Day 2 – Bothwell to Miena

After our  terrible night at the ‘Bothwell Grange’, an experience we hope we don’t have to

You know you've hit snow country when the guideposts start being orange instead of white!

You know you’ve hit snow country when the guideposts start being orange instead of white!

experience too many times, we were up, showered and out of there before seven o’clock this morning. Someone from the Castle Hotel had told us yesterday that the cafe next door opened at seven for breakfast so we made our way there, bleary-eyed and desperate for some clean comfort and a cup of tea. The Captain and I always start each day with at least two cups of tea, usually when we wake up around 5:30am. The Grange hadn’t even provided that facility, so we were desperate by this time of the morning!

We rode up to a closed cafe just before seven and lingered there hopefully until the owner drove up, running late, but with such a big, friendly smile and helpful manner that we wanted to hug her, or cry, or something!

All five of us had a delicious breakfast of bacon and eggs, then said our goodbyes. Our friends left to return to Hobart, and we set off to complete the 59kms to Miena.

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Nice, clear road as we get closer to Miena. There was still some uphill to go though! Just around that next corner!

Bothwell has an altitude of 600 metres. Miena’s altitude is 1200 metres. That’s 600 metres of climbing right?

WRONG! Do you know how many hills we worked our way up, only to have a sweeping descent (greatly appreciated as we were rolling downhill with the wind in our hair) which undid all the hard work and meant we lost precious metres of altitude gain. We may have changed our altitude position by 600 metres today, but we darn well climbed a lot more!

The Stoker with one sunburnt leg (from yesterday's riding, and now covered in zinc cream) at Steppes Sculptures

The Stoker with one sunburnt leg (from yesterday’s riding, and now covered in zinc cream) at Steppes Sculptures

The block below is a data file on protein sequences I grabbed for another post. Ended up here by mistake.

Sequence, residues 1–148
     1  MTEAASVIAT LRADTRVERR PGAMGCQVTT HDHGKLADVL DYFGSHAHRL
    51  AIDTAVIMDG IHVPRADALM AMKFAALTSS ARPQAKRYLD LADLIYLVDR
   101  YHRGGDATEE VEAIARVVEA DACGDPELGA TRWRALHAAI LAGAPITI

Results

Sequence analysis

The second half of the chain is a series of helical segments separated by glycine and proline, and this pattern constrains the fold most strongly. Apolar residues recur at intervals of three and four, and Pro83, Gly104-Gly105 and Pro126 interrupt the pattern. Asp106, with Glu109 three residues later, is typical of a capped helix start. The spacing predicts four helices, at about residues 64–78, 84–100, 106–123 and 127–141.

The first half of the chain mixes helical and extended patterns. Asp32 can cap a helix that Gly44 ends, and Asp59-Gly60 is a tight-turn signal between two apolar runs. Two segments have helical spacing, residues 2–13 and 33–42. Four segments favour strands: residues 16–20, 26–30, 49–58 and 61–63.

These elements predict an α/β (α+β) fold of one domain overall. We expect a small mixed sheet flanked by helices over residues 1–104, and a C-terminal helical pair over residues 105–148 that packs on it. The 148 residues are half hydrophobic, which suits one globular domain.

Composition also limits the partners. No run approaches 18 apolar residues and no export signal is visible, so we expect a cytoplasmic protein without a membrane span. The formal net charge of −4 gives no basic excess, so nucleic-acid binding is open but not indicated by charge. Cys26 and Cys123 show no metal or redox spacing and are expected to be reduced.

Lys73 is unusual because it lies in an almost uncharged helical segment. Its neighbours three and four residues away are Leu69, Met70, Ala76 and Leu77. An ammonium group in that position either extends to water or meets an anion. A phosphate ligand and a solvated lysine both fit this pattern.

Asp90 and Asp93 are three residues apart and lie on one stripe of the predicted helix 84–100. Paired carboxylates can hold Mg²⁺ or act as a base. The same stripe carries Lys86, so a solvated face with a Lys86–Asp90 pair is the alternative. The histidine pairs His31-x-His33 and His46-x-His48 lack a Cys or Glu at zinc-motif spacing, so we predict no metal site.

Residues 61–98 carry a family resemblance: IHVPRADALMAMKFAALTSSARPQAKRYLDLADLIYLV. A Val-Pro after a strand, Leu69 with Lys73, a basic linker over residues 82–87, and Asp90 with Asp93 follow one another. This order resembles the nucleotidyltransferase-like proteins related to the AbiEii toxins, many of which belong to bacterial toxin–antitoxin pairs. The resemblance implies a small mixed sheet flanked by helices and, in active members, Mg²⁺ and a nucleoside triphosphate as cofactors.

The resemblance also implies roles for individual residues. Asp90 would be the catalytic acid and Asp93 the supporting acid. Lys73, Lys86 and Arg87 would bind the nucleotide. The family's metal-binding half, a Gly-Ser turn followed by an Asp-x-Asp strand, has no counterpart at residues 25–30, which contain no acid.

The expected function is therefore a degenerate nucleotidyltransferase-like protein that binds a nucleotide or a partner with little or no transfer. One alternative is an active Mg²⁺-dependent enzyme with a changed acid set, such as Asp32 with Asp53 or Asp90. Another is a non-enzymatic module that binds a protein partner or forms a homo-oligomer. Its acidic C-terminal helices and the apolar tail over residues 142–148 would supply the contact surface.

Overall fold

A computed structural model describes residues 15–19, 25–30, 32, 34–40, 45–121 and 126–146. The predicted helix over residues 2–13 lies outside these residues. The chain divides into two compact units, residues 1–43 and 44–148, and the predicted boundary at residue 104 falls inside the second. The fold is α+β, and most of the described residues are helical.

Despite the effort, today’s ride was again fantastic. The small number of vehicles we encountered were very courteous with country waves, and moved right over to give us space. The roads didn’t have much of a shoulder, but were so quiet this didn’t matter.

We stopped at Steppes Sculptures and the Steppes Homestead to have a look.

As we got closer to Miena, and were struggling slowly up a looong hill, we saw a For Sale sign on a block of land. One of the features of the property was that it was only ‘minutes’ from Miena. With some desperate and hopeful excitement I pondered aloud how ‘minutes’ translates into bicycle terms.

“We have 9 kilometres to go” came the curt response from the Captain.
“What speed are we doing now?” I asked timidly.
“6”.

Needless to say, it wasn’t worth working out the car to bike translation!

We did finally pedal into Miena, and with much joy perused the clean and quiet surroundings of the Central Highlands Lodge where we are staying the night. The owners offered to wash our clothes when we enquired about laundry facilities, and we even have tea and coffee in our room! Dinner is at 5:30 and we are STARVING so I am going to finish this and walk some weary legs to the restaurant. Bring on the food!

I'm not tired, just sitting down to...get the pose right...

I’m not tired, just sitting down to…get the pose right…

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